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Group Management in Linux

Last Updated : 21 Jul, 2023
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There are 2 categories of groups in the Linux operating system i.e. Primary and Secondary groups. The Primary Group is a group that is automatically generated while creating a user with a unique user ID simultaneously a group with an ID the same as the user ID is created and the user gets added to the group and becomes the first and only member of the group. This group is called the primary group. A secondary group is a group that can be created separately with the help of commands and we can then add users to it by changing the group ID of users.

How to Create/Add Users in Linux

Creating a Secondary Group

The below command created a group with the name provided. The group while creating gets a group ID and we can get to know everything about the group as its name, ID, and the users present in it in the file “/etc/group”.

groupadd group_name


groupadd Group1

Setting the Password for the Group

Below command is used to set the password of the group. After executing the command, we have to enter the new password which we want to assign to the group. The password has to be given twice for confirmation purposes.

gpasswd group_name


gpasswd Group1

Command to Display the Group Password File:

To access information about groups and their passwords, you can view the password file, /etc/gshadow. However, keep in mind that this file is not intended for regular viewing. To gather more comprehensive information about groups.

cat /etc/gshadow

Adding a User to an Existing Group

To add a user to an existing group, you can utilize the usermod command. By specifying the group name, you can add a user to the desired group. However, note that when a user is added to a new group, they are automatically removed from their previous groups.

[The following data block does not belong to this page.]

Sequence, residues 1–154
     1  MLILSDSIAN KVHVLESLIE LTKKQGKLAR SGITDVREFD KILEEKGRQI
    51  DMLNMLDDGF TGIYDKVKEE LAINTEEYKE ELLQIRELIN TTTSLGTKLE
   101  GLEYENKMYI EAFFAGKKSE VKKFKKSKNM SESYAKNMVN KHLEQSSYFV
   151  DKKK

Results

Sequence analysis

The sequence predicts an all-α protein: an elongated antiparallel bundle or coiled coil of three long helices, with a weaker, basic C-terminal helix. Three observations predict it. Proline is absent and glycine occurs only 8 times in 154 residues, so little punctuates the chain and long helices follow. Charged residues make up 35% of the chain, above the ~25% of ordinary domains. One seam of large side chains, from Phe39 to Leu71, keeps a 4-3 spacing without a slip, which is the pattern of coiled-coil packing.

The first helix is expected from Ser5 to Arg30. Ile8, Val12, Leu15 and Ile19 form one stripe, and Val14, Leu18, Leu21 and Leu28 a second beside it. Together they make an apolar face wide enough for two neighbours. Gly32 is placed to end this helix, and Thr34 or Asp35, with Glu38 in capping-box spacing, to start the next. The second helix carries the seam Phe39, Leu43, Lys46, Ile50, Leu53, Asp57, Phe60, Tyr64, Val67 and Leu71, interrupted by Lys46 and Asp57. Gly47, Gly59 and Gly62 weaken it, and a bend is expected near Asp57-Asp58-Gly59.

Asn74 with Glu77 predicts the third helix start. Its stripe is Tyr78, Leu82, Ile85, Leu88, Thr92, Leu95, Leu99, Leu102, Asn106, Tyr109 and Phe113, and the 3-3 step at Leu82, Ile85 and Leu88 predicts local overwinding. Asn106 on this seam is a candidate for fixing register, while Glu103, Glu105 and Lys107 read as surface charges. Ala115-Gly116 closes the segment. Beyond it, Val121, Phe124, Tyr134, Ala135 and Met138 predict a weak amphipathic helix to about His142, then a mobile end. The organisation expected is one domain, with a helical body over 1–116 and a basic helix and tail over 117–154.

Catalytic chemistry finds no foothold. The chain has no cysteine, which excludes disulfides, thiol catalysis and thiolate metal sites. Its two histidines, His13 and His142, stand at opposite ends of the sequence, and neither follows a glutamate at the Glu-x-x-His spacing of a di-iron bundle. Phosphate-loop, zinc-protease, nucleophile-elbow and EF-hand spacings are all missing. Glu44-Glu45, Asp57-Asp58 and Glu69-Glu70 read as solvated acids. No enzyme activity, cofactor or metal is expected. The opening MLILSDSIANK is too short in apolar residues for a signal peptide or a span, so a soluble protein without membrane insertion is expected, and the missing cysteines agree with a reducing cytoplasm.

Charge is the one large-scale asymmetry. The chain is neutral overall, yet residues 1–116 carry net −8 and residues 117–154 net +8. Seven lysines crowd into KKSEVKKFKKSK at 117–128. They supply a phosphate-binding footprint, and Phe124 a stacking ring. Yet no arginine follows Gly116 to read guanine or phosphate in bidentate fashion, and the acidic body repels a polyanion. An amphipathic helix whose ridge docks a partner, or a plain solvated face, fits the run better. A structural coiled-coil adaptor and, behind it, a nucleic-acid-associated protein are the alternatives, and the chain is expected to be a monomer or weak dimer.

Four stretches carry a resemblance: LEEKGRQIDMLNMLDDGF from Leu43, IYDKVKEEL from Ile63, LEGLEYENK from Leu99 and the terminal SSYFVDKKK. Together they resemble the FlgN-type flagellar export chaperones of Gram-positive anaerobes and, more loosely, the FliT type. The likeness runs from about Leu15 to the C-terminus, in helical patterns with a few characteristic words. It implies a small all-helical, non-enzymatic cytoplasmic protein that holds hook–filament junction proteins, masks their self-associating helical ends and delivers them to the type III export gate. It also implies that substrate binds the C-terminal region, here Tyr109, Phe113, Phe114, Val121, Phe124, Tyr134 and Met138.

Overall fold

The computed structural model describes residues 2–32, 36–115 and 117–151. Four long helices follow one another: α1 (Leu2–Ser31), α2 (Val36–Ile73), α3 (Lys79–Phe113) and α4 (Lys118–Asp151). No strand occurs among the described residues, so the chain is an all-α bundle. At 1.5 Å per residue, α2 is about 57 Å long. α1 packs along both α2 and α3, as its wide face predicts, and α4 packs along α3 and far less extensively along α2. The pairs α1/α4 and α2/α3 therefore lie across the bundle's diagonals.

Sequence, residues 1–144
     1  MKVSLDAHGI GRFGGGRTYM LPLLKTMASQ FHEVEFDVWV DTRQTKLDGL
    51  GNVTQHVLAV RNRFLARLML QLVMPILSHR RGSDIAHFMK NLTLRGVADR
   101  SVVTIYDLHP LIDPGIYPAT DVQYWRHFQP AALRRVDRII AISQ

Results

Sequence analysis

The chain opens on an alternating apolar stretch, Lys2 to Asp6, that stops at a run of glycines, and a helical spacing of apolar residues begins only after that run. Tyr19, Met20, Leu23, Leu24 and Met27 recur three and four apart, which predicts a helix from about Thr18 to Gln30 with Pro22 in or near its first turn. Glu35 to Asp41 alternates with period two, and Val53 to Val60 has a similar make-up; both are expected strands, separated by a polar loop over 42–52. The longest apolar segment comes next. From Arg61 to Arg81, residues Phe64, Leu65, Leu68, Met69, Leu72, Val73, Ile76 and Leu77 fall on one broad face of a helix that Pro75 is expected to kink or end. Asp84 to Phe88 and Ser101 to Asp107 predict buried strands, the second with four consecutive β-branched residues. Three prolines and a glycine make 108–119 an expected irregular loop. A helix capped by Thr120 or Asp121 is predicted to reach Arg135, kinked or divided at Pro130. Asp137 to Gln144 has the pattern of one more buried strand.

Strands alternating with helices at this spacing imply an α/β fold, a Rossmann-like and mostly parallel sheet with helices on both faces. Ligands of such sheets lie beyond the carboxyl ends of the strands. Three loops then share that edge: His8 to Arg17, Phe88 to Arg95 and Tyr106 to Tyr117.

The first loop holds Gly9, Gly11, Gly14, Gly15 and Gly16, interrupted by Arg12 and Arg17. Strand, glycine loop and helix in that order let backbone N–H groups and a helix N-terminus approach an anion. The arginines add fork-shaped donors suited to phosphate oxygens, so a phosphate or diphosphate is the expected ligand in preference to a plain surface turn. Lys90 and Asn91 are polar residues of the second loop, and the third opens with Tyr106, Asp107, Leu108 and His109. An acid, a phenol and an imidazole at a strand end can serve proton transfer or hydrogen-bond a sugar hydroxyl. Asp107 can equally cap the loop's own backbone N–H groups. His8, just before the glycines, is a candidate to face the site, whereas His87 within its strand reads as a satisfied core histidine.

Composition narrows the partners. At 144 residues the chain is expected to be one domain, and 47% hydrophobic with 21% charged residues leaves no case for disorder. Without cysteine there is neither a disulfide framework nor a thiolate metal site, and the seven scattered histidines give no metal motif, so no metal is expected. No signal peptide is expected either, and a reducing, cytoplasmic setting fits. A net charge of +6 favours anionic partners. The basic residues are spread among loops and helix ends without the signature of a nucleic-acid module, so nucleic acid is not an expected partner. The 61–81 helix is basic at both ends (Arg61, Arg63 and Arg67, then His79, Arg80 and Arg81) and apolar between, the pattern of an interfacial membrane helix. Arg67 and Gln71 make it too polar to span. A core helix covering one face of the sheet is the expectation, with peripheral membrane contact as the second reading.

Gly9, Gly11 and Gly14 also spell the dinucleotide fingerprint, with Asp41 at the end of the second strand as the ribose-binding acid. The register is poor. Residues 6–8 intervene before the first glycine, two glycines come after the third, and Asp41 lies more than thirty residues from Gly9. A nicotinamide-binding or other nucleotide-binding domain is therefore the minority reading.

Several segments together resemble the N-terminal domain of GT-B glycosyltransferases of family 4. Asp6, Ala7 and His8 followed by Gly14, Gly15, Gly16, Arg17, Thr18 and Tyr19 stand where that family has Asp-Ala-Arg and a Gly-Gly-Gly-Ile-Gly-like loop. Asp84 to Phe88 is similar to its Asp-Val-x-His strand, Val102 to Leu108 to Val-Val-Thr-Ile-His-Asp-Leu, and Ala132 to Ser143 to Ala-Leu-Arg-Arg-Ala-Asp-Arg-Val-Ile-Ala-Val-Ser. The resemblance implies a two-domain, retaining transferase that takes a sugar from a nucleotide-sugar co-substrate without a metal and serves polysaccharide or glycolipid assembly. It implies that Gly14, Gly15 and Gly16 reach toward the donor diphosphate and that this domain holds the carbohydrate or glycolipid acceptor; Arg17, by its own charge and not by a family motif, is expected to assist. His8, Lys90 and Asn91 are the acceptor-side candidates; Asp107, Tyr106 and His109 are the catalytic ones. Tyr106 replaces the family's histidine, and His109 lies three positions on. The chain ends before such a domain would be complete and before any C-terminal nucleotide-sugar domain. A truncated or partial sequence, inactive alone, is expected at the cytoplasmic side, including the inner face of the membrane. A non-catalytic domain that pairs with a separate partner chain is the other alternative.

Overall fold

usermod -G group_name  username

usermod -G group1 John_Doe


If we add a user to a group then it automatically gets removed from the previous groups, we can prevent this by the command given below.

Command to Add User to Group Without Removing from Existing Groups

This command is used to add a user to a new group while preventing him from getting removed from his existing groups.

usermod -aG *group_name  *username


usermod -aG group1 John_Doe

Command to Add Multiple Users to a Group at once

To add multiple users to a group simultaneously, you can utilize the gpasswd command with the -M option. This command allows you to specify a list of usernames separated by commas.

gpasswd -M *username1, *username2, *username3 ...., *usernamen *group_name


gpasswd -M Person1, Person2, Person3 Group1

Deleting a User from a Group

Below command is used to delete a user from a group. The user is then removed from the group though it is still a valid user in the system but it is no longer a part of the group. The user remains part of the groups which it was in and if it was part of no other group then it will be part of its primary group.

gpasswd -d *username1  *group_name  


gpasswd -d Person1  Group1

Command to Delete a Group

To delete a group from the system, use the groupdel command. This action removes the group while retaining the users who were members of the group. They will revert to their primary groups if they are not part of any other groups.

groupdel *group_name


groupdel  Group1


In this article we have discussed group management in Linux which involves creating and managing primary and secondary groups, setting group passwords, adding and removing users, and deleting groups. We also discussed effectively utilizing these commands and techniques, administrators can organize user accounts, assign appropriate access permissions, and ensure a secure and efficient Linux system.

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